There are many interpretations and expressions of love. When love appears as an emotion, people experience a strong magnetic force pulling them to their beloved.
Most lovers complain that they cannot properly express the way they feel. For lovers who are also poets, however, the situation is different, because poetry has the power to hint at, explain, or lay bare what is unexplainable and what is intense.
This intensity of emotion comes to life in a love poem through wit, passion, eloquent phrases, imagery, symbolism, and other tools of poetry such as alliteration, assonance, rhythm, anaphora, metaphors, similes and the like.
Many types of love poetry exist in literature. The love poem of the instant addresses the falling in or out of love in one single moment. Dante Alighieri put together a love-at-first-sight poem expressing a lover’s feeling of being reborn.
La Vita Nuova
In that book which is
My memory . . .
On the first page
That is the chapter when
I first met you
Appear the words . . .
Here begins a new life
Another type of a love poetry carrying immediacy and impulsivity seizes the moment without caring what happens afterwards. William Shakespeare says in “O Mistress Mine”:
What is love? ‘Tis not hereafter;
Present mirth hath present laughter;
What’s to come is still unsure:
In delay there lies not plenty;
Then, come kiss me, sweet and twenty,
Youth’s a stuff will not endure.
Most commonly written love poetry, by professionals and amateurs alike, is the love tribute. Here is a good example by Oscar Wilde:
To My Wife – With A Copy Of My Poems
I can write no stately proem
As a prelude to my lay;
From a poet to a poem
I would dare to say.
For if of these fallen petals
One to you seem fair,
Love will waft it till it settles
On your hair.
And when wind and winter harden
All the loveless land,
It will whisper of the garden,
You will understand.
Another kind of a love poem puts forth a proposal to the beloved as Pablo Neruda does in Love Sonnet VII:
I said it again: Come with me, as if I were dying,
and no one saw the moon that bled in my mouth
or the blood that rose into silence.
O Love, now we can forget the star that has such thorns!
Then, there are those poets who treat love philosophically. One such poet is William Blake.
The Clod and the Pebble
Love seeketh not Itself to please,
Nor for itself hath any care;
But for another gives its ease,
And builds a Heaven in Hells despair.
So sang a little Clod of Clay,
Trodden with the cattle’s feet;
But a Pebble of the brook,
Warbled out these metres meet.
Love seeketh only Self to please,
To bind another to Its delight:
Joys in anothers loss of ease,
And builds a Hell in Heavens despite.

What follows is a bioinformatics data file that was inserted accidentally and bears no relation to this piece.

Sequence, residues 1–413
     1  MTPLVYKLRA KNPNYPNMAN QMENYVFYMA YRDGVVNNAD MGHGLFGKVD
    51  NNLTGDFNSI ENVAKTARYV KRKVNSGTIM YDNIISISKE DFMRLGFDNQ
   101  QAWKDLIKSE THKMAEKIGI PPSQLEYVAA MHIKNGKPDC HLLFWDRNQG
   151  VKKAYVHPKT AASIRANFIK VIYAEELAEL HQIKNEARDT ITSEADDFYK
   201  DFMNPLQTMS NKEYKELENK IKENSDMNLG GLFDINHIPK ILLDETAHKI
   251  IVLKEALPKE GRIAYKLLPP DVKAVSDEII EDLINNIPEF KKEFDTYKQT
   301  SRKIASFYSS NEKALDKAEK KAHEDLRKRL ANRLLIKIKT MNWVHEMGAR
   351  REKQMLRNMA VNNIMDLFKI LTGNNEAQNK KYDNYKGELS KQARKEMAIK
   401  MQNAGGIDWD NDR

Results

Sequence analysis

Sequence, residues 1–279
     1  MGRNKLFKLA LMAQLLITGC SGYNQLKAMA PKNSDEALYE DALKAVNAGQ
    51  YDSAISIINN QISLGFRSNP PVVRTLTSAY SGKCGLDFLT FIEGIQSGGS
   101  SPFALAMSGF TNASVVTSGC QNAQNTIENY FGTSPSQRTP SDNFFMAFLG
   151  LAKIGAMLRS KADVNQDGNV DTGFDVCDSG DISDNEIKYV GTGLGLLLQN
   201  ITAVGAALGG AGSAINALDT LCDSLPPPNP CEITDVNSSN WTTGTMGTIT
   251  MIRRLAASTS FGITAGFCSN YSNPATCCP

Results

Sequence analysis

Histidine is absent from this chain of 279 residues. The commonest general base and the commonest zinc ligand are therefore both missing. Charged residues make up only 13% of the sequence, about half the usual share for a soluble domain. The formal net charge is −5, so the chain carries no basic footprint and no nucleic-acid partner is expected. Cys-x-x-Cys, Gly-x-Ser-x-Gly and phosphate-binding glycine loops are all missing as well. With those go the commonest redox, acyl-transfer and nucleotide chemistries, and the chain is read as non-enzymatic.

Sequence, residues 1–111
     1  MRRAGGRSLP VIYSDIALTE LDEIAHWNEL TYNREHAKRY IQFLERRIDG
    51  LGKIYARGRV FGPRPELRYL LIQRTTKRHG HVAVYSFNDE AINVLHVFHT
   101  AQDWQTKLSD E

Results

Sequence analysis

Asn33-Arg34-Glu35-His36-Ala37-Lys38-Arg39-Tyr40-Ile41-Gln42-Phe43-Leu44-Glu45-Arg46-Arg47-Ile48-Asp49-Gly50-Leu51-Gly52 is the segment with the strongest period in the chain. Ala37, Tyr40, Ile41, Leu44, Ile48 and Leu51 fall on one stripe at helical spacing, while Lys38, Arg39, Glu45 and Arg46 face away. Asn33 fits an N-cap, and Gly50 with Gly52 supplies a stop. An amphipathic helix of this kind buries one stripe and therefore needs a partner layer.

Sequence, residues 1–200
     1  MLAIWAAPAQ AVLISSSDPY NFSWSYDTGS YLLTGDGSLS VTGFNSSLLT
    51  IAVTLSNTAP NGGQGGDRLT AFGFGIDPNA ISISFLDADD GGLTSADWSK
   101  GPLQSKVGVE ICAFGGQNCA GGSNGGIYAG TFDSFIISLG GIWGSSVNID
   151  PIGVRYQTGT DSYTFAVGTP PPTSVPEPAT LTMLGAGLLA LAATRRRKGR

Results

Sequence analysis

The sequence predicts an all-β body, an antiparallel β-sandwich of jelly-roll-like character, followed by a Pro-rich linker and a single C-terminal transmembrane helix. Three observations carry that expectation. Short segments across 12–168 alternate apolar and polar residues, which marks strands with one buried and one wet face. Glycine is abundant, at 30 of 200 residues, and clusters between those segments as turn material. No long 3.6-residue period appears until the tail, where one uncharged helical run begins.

At times, love is one-sided. Worse yet, the beloved may not have any inkling of the lover’s feelings. Walt Whitman voices that in “To a Stranger” by writing:
Passing stranger! you do not know
How longingly I look upon you,
You must be he I was seeking,
Or she I was seeking
(It comes to me as a dream)
Sometimes, lovers have to overcome a few obstacles. Matthew Arnold says in Dover Beach:
Ah, love, let us be true
To one another! for the world which seems
To lie before us like a land of dreams,
So various, so beautiful, so new,
Hath really neither joy, nor love, nor light,
Nor certitude, nor peace, nor help for pain;
And we are here as on a darkling plain
Swept with confused alarms of struggle and flight,
Where ignorant armies clash by night.
Every so often, the beloved leaves the lover, and then, the poetry sings sadly of remembrance or regret. Thus, from centuries ago, Sappho echoes:
I have not had one word from her
Frankly I wish I were dead
When she left she wept
a great deal; she said to me This parting must be
endured, Sappho. I go unwillingly.
I said Go, and be happy
but remember (you know
well) whom you leave shackled by love
If the lover is lucky, the beloved will leave a token when he departs. Here is one such poem from Emily Dickinson.
I Held a Jewel
I held a jewel in my fingers
And went to sleep
The day was warm, and winds were prosy
I said, “Twill keep”
I woke – and chide my honest fingers,
The Gem was gone
And now, an Amethyst remembrance
Is all I own
The many faces of love has been playing peek-a-boo with the poetry lover from millenniums ago in ancient history when Solomon sang “The Rose of Sharon” to Emerson who urged us to “Give all to love” to our present day when modern day poets describe moments of epiphany and feelings of love in fragments, in concrete images, and in sound combinations obliquely, and at the same time, clearly.
Whenever we take a fleeting look, like any great art, love poetry turns out to be the most admired type of poetry that takes a human emotion and transforms it into something sacred, correct, and spiritual. I remember reading love poetry when I was in my teens. Some of those poems stick in the memory after many years and their magic still remains.